Ten and Counting

We’re up to ten kids on the farm now, unless more were born last night. It’s always great to have new kids and it’s been especially nice to have them arriving in sunny warm weather.

Bella in labor. "Can't a girl get a little privacy...or at least an epidural?"

Bella in labor. “Can’t a girl get a little privacy…or at least an epidural?”

On the theory that you really can’t share too many pictures of cute goat babies…

IMG_8791

IMG_8799

IMG_8847

IMG_8850

IMG_8829

IMG_8835

For more baby goat pictures, follow us on Instagram.

I would tell y’all that I won’t keep loading up the blog with pictures of kids, but that probably wouldn’t be honest of me. πŸ™‚

Advertisements

22 comments on “Ten and Counting

  1. Oh my goodness, but they are too cute for words. They’d make a nice Christmas card – photo on the front maybe inside a wreath with a big red bow. Are you raising them for milk or meat or as pets?

    Like

  2. gatheringplaceseasonfour says:

    ID (or Link) instagram?

    Like

  3. shoreacres says:

    They are absolutely darling, and there never can be too many photos — no kidding!

    Like

  4. avwalters says:

    Really, that’s only a theory? I was sure it had been scientifically established.

    Like

  5. nebraskadave says:

    Bill, yes, it’s always nice to have birthing during warm and dry weather. Dad always had a sixth sense about when our milk cows were going to birth and would keep them inside the barn. He was usually right more times than not. Our cows were always artificially bred so we didn’t have a bull and we knew the exact day they were bred. Like your goats, our calves were sold when they were old enough to be weaned. On a relatively small homestead (114 acres), we didn’t have the resources to feed out 13 calves. Dad was not a feedlot kind of person. Cows were on the pasture. They got a coffee can of ground corn and oats mixture each time we milked them. The corn was raised on our row crop ground (80 acres). The pigs were pasture pigs and got a couple scoops of ear corn each day and all the skim milk they could drink. Only once that I can remember did we have a sow that gave birth to pigs. All thirteen of them lived. Even the two runts managed to get enough to survive to be sold as feeder pigs. I was about seven or eight when that happened. After the piglets were all sold, on a bright and sunny Saturday morning, a couple families arrived to help and by night the mother pig was chops and hams ready to be taken to town and put in the freezer locker. Freezer lockers were for people who didn’t have a big freezer. Individual sizes of freezer space could be rented. I don’t think they have any thing like that now but back in the 1950s it was common place for my area.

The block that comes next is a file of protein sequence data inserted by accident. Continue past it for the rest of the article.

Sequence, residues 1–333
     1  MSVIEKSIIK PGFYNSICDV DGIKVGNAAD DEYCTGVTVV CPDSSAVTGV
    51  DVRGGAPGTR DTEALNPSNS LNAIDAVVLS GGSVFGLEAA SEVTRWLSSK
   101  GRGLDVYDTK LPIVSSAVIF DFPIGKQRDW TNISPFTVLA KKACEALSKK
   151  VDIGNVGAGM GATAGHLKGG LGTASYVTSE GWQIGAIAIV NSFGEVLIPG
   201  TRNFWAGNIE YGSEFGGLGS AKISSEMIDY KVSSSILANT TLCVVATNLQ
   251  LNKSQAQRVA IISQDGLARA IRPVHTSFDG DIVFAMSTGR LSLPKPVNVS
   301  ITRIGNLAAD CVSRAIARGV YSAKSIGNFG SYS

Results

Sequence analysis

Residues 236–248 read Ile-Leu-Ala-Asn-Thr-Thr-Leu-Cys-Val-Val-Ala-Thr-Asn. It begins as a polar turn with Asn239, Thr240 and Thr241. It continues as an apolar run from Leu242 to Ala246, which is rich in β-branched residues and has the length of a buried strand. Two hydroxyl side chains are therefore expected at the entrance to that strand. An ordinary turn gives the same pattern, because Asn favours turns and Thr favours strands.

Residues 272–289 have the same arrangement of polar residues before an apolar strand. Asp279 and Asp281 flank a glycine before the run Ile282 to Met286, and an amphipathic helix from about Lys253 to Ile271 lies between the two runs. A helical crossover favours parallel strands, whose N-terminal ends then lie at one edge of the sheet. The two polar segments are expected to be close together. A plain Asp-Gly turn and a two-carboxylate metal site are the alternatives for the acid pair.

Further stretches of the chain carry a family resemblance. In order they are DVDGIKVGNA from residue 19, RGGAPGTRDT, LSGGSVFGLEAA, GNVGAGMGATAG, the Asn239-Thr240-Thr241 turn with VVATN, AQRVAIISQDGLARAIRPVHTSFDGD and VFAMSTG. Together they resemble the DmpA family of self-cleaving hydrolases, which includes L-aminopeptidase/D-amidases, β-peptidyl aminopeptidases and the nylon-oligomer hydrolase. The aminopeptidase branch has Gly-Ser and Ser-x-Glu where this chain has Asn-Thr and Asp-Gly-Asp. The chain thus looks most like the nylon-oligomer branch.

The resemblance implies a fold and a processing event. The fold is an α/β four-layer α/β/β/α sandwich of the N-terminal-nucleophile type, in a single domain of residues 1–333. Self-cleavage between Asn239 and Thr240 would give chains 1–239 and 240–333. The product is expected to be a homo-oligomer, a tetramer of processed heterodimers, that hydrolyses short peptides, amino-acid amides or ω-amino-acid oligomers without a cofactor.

Have a great kidding day on White Flint Farm.

    Liked by 1 person

    • Bill says:

      You have some great farm memories Dave. Interesting about the lockers. I don’t think we had that here. I listen to a podcast by a farmer in Iowa who raises hogs (the right way) and he always refers to the processor as “the locker” (as in “I took 6 pigs to the locker yesterday”). I never understood why he said that, but your story must be the explanation.

      Like

  6. They are adorable! I’ve been wanting goats for a while but the DH is totally against it and I’d need his help getting things ready for them 😦

    Like

  7. allisonmohr says:

    There can never be enough baby goat pictures. They’re amazingly cute, with their ears.

    Like

    • Bill says:

      They really are cute. This morning at dawn I looked out into the pasture and the whole gang of them were jumping, frolicking and playing. They’re a joy to have around.

      Like

  8. Zambian Lady says:

    Congratulations on the multiplying herd. I would say photos of the kids would not be too much – they are so cute!

    Like

  9. Sue says:

    All wonderful pics, but the 3rd one down really got me–what a doll–love the all brown with just the rear leg white—unique!!

    Like

  10. hamertheframer says:

    Keep ’em coming. You can never have too many goat photos. Do they climb trees yet?

    Like

    • Bill says:

      They’ve learned to form gangs and jump about in ways that distract humans from the work they should be doing. But they have not yet attempted tree-climbing.

      Like

Leave a Reply

Fill in your details below or click an icon to log in:

WordPress.com Logo

You are commenting using your WordPress.com account. Log Out / Change )

Twitter picture

You are commenting using your Twitter account. Log Out / Change )

Facebook photo

You are commenting using your Facebook account. Log Out / Change )

Google+ photo

You are commenting using your Google+ account. Log Out / Change )

Connecting to %s